Today, pro-life Republican leaders in the U.S. House of Representatives will hold a hearing on the Born-Alive Abortion Survivors Protection Act, legislation to protect some of the most vulnerable of all Americans — babies who survive abortions.
This year, states like New York and Illinois have pushed a radical expansion of abortion on demand through birth, even going so far as to repeal state laws banning gruesome partial-birth abortions and strip away existing protections for babies born alive. In Virginia, Governor Ralph Northam who is also a physician, coolly described how a child who survives an abortion could be killed or left to die, as though it were completely unremarkable.
In a sensible world, Congress would jump at the chance to achieve a bipartisan victory by passing legislation that saves children’s lives and that 77% of Americans support. Instead, House Speaker Nancy Pelosi and House Democrats have refused more than 80 requests by pro-life Republicans for the House to hold a vote.
To try to overcome this obstruction, Republican Whip Steve Scalise filed a discharge petition, which, if successful, would force a vote by the full House. Just over 200 members have signed, including all the House Republicans. But months later, the petition has stalled, with many “moderate” Democrats nowhere to be found.
Abortion advocates deny that the deadly industry they seek to prop up produces any survivors. Just last week, a Washington Post columnist called the shocking resurgence of infanticide a “phony” issue. However, the Charlotte Lozier Institute’s meticulous review of national and state-level data, which will be presented in testimony to Congress today, proves otherwise.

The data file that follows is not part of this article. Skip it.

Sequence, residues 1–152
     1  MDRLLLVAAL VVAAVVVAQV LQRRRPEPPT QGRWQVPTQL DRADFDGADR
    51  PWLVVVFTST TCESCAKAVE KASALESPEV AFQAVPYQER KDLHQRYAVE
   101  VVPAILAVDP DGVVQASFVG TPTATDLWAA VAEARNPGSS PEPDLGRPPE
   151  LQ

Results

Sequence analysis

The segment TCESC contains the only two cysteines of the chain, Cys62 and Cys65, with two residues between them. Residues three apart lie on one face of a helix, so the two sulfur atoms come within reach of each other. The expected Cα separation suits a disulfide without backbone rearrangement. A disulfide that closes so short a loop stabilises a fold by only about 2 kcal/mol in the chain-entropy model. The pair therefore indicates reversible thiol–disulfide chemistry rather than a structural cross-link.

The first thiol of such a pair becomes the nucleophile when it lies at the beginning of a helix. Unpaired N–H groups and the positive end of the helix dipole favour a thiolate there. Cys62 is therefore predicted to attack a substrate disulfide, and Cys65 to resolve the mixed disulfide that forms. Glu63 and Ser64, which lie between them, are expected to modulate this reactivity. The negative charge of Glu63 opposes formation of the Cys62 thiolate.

The U.S. Centers for Disease Control and Prevention (CDC) reports that, between 2003 and 2014, 143 babies died after being born during failed abortions. The agency itself acknowledges this may only be the tip of the iceberg.
Few states report information on how many babies survive abortions. Even fewer give any indication of what might have happened to those children. However, the limited data available hints at the scope of the problem: In Arizona, 10 babies were reported thus born alive in 2017 alone. In Indiana, 27 such cases were reported over the decade between 2008 and 2018. In Florida, 23 babies were born under such circumstances between 2013 and 2019. In Minnesota, it was 16 babies between 2015 and 2018. In Michigan, it was 84 babies between 1997 and 2018. That makes the grand total from just these five states of least 160 children. If they survived, some of these babies are now old enough to be in grade school or college.
Another favorite (and false) claim of infanticide-denialists is that this heinous practice is already outlawed nationwide. The reality is that about one-third of states leave babies who survive abortions legally unprotected. This year, two states — Texas and Arkansas — enacted stronger laws. Meanwhile, in Montana, North Carolina, and Wisconsin, radical pro-abortion governors vetoed born-alive legislation over the will of their constituents.
Abortion survivors are real and they desperately need Congress to act. We commend Minority Leader Kevin McCarthy, Whip Scalise, Rep. Liz Cheney, and all those who have fought to end infanticide and kept the pressure on the Democrat-controlled House. Every newborn deserves life-saving medical care, regardless of where in America he or she is born, or how.
LifeNews Note: Marjorie Dannenfelser is president of the national pro-life group Susan B. Anthony List. Tessa Longbons is a research associate with Susan B. Anthony List’s research arm, Charlotte Lozier Institute.